But if the response is too harsh it can be seen as discouraging scientists from conducting useful research. If it is too weak, then poorly conducted science gets a passing grade and makes its way into the poltical, cultural, and even scientific spheres and influences opinions. Besides just conducting research, it is the duty of scientists to point out flaws in their own and each other’s work to arrive closer to the truth than we were before. Even good science has its flaws, and pointing them out can improve future research. Rather than quote more of the article, I suggest you read it because it does a pretty good job discussing the various reasons that come up.
The ultimate goal should be the advancement of knowledge – predicated on the idea that knowledge if used properly can lead to a better life, of course. There is one thing that scientists should probably consider: If a bad paper is published and the response to that paper is too harsh, it might create a ‘career contrarian.’ Scientists work hard on their research, and have a personal interest in defending it. Rather than abandon the position they take in their paper, responses that are too personal or go over the top in terms of their wording might instead galvanize the opinions of these researchers. Now you have someone with hardened opinion on the topic, who will likely advocate their position more, and it could also potentially color what kind of research they pursue.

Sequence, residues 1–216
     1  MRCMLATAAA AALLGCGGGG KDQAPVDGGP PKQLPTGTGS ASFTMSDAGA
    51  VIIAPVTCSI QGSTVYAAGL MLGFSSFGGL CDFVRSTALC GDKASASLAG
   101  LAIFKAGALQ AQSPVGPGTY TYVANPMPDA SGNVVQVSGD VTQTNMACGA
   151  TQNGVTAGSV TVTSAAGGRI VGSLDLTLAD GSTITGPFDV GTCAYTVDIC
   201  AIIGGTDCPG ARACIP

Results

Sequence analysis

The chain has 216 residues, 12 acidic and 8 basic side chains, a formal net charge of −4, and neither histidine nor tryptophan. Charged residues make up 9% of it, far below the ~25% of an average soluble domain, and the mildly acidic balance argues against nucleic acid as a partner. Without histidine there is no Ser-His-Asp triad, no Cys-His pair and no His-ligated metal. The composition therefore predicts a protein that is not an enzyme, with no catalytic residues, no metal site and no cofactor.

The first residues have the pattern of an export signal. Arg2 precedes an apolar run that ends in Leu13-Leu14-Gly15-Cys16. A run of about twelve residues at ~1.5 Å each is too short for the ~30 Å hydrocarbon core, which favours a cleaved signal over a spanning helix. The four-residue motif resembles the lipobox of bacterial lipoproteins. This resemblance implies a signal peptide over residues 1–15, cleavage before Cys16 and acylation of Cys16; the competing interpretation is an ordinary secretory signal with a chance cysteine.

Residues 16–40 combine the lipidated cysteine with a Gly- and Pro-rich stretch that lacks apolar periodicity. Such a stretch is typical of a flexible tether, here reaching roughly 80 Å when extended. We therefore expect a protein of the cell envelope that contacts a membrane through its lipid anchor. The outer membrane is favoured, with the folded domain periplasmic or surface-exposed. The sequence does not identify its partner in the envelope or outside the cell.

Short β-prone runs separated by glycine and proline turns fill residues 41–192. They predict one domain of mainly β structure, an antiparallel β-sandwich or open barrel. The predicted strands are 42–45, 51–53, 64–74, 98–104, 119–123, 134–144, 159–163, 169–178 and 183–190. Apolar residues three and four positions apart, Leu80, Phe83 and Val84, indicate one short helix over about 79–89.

For example, John Losey, who authored the obsolete Monarch Butterfly Bt-pollen study mentioned in the quote above, got a lot of attention due to the responses, and participated in a four-way panel discussion that included Ignacio Chapela and Arpad Puztai – two other scientists that have become anti-GE career contrarians. The video doesn’t appear to be available anymore, but here is a description of the event. Those two scientists got attention due to the responses to the flaws in their research as well. Just as we should consider the potential impact of poorly conducted research, the impact of responses to that research should be considered for the future of the debate.
The attention to the paper could also have the opposite effect of what is intended, drawing instead more attention to the paper in political circles. Where to draw the line is a good question… one that I do not have an answer to.